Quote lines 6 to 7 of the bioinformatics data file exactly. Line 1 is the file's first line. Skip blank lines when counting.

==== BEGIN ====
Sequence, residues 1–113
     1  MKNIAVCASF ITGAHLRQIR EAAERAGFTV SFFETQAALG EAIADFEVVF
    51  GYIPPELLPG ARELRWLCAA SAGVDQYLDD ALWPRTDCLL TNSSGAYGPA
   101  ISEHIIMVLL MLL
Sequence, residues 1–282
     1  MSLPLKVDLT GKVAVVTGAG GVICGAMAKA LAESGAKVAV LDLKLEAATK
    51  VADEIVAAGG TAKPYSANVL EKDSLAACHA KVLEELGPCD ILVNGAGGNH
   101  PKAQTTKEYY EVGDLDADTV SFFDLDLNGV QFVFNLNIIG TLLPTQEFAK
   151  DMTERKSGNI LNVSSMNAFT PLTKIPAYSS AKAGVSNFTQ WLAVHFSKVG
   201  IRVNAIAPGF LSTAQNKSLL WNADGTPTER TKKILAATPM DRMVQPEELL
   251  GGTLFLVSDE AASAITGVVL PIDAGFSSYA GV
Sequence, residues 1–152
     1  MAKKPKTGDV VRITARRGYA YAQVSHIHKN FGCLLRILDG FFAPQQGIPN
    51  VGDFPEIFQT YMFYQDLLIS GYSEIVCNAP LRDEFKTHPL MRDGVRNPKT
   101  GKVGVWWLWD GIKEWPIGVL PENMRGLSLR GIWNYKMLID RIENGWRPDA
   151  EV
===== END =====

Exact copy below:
     1  MSLPLKVDLT GKVAVVTGAG GVICGAMAKA LAESGAKVAV LDLKLEAATK
    51  VADEIVAAGG TAKPYSANVL EKDSLAACHA KVLEELGPCD ILVNGAGGNH